Yet as is always the case, circumstances change and I now find myself – after more than 4 years serving under and replying without hesitation to a fake name – back in my own skin. A relief, certainly, but in keeping with the Legion’s “two sides to every coin” policy, it has also proved in indefatigable headache. My military ID has been changed back to my real name, but I’m still awaiting the updating of my bank account details. This renders any attempt at over-the-counter bank transactions in the meantime futile. My ID doesn’t match the account holder’s name. Until my bank account is updated, my mobile phone contract remains under the old name too. So I have Orange France ringing up asking to speak to a Mr. Ogilvie for the next while at least. The eager wait stretches further to include the updating of everything from PayPal to iTunes accounts, all previously set up under the old name – that which appears on the credit card – as, until the new credit card in my real name arrives, I can’t very well change the accounts. My taxes can’t be paid either until the bank account’s sorted. I’ve been assured the wait won’t surpass an inordinate period of delay. We shall see.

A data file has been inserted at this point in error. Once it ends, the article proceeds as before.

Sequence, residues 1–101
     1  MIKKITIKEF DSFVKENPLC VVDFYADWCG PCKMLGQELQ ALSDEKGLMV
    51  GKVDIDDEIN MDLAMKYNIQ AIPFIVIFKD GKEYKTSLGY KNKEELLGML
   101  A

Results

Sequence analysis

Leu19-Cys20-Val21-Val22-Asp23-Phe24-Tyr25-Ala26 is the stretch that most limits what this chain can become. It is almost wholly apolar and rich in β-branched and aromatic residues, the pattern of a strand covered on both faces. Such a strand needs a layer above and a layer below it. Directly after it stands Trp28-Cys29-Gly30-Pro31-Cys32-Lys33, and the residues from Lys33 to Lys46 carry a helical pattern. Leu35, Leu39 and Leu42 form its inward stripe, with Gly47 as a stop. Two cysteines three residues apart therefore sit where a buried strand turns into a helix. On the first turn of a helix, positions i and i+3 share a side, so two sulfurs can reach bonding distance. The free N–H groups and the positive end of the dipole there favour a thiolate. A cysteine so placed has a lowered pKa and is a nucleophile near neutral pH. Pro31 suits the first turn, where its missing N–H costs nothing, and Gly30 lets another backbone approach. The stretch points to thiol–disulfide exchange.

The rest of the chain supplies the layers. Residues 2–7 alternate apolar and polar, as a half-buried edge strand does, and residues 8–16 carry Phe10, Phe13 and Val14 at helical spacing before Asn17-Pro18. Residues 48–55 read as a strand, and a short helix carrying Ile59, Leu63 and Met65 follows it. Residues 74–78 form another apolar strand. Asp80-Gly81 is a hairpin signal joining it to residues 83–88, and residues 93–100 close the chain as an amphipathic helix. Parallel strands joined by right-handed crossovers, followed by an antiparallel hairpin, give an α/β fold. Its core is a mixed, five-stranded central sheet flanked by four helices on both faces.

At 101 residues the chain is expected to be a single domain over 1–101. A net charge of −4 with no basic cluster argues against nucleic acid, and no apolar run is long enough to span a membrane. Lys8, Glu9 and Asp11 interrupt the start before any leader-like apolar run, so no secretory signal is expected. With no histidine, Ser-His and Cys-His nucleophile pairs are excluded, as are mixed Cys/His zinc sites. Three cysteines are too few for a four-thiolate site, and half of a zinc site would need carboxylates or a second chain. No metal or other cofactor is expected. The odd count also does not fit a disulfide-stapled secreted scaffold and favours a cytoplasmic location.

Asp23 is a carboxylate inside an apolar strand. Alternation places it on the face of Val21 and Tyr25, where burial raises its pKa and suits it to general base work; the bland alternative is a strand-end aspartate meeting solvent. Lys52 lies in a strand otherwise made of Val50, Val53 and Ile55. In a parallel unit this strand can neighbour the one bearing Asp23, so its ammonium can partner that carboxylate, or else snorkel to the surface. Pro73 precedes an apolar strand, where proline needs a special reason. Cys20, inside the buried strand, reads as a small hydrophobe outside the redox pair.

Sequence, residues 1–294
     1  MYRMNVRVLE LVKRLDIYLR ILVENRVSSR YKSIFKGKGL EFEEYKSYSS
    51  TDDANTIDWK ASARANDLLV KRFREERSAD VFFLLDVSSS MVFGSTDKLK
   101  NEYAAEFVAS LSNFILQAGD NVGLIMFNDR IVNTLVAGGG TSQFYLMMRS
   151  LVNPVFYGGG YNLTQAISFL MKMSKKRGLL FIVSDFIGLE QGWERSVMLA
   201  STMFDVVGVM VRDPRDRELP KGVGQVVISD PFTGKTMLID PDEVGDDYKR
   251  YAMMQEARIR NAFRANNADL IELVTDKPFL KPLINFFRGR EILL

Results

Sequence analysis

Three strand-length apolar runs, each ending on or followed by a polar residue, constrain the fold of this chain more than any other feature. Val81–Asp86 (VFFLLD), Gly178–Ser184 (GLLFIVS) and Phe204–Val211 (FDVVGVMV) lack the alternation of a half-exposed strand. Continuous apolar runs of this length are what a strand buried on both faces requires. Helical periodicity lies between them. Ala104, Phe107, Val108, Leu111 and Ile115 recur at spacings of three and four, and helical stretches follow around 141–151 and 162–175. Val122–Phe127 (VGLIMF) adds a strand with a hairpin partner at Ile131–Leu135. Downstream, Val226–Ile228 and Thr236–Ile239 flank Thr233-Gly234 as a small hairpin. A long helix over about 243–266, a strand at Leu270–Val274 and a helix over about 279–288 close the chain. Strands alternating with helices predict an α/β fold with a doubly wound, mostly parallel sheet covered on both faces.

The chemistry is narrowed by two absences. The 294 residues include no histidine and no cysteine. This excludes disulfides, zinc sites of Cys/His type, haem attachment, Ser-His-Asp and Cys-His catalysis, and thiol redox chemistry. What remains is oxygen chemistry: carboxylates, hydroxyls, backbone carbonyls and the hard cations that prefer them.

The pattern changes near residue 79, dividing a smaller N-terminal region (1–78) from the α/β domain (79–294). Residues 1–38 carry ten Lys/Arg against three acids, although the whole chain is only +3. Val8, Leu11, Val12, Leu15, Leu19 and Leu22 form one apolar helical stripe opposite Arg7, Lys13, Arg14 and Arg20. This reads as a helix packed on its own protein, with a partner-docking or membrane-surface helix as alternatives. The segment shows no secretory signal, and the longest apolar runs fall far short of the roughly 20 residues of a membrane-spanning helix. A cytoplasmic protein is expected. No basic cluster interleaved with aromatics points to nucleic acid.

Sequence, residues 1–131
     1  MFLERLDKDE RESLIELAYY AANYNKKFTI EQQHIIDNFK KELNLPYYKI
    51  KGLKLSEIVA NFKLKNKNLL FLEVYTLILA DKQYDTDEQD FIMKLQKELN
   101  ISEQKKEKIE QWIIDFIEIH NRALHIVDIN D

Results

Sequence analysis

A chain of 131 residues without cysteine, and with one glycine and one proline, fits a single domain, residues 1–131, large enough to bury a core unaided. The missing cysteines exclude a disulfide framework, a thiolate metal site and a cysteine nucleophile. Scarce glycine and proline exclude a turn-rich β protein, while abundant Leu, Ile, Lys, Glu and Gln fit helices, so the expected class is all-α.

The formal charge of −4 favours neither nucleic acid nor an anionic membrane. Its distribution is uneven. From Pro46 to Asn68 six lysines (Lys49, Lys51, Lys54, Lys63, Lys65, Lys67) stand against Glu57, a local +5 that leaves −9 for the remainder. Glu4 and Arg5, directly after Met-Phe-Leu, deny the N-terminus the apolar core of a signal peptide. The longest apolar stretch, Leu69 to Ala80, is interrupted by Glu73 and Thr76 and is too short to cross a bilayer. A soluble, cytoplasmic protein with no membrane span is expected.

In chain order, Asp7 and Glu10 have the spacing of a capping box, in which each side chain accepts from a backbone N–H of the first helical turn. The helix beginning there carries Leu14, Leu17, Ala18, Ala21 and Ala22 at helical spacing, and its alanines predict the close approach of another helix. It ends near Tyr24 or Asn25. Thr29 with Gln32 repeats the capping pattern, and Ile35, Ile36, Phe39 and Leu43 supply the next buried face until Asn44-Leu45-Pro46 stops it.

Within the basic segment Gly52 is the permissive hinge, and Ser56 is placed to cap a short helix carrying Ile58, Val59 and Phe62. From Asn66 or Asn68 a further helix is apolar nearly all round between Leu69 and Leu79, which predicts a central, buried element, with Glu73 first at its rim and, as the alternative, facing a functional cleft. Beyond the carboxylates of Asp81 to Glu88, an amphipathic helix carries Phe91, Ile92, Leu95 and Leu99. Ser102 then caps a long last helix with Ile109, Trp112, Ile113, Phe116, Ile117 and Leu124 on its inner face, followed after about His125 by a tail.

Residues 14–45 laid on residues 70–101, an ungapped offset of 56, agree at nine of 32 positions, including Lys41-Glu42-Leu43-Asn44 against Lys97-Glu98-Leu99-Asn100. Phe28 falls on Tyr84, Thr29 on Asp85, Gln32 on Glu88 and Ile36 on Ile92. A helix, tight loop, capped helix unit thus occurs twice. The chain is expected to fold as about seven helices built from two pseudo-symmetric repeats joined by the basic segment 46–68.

For now, at least, the outwardly visible bipolarity has been carved down to size, with my age-old party trick of producing my military ID and passport showing the same photo under different identities being resigned to the archive of mildly-amusing ice-breakers.

Now to figure out to handle the inward bipolarity. All suggestions welcome. That, and patiently correct all colleagues who mis-pronounce my name. I mean, it’s not that hard, is it? Sheesh!


  1. Hell, I wish I they'd give me a legion name when I show up on Nogent, would make the experience feel more authentic, also the ultra coolness of having two names...

  2. Thank you so much for sharing such nice and informative thought This is a very nice article.It is a very important and useful to us.This is very helpful fer me and others. Keep blogging man.
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  3. Interesting. I was always under the impresssion that the faux identity wasn't a viable one among the "real world" but it appears as if I was wrong.. How does pay work then? Is it direct deposit to a bank with Legion ties? Do you have freedom to do with it what you please (Send some to loved ones, Leave, gifts for the girlfriend)?

  4. Curious why they gave a Banker with a clean record anonymat.
    Believe me when I say that civile is really going to put truth to the words "world collide". Spend your last months making a plan that doesn't involve pissing all your money against the wall, launch into your new life quick be it work, study or travel. Like a recovering alcoholic resist the temptation to go back. The Legion will seem like a refuge after a few months in the real world (and in a way it is). You have 5 years of memories, a butchered version of French to your repertoire and absolutely no skills earned in the Legion transferable in the civilian world. Keep this blog going after you get out. I'd be interested to know how you got on. Best MR.

  5. I too am somewhat curious about where the pay is deposited, if name changes were something to be dealt with...

  6. It is worlds colliding alright sound like a nightmare.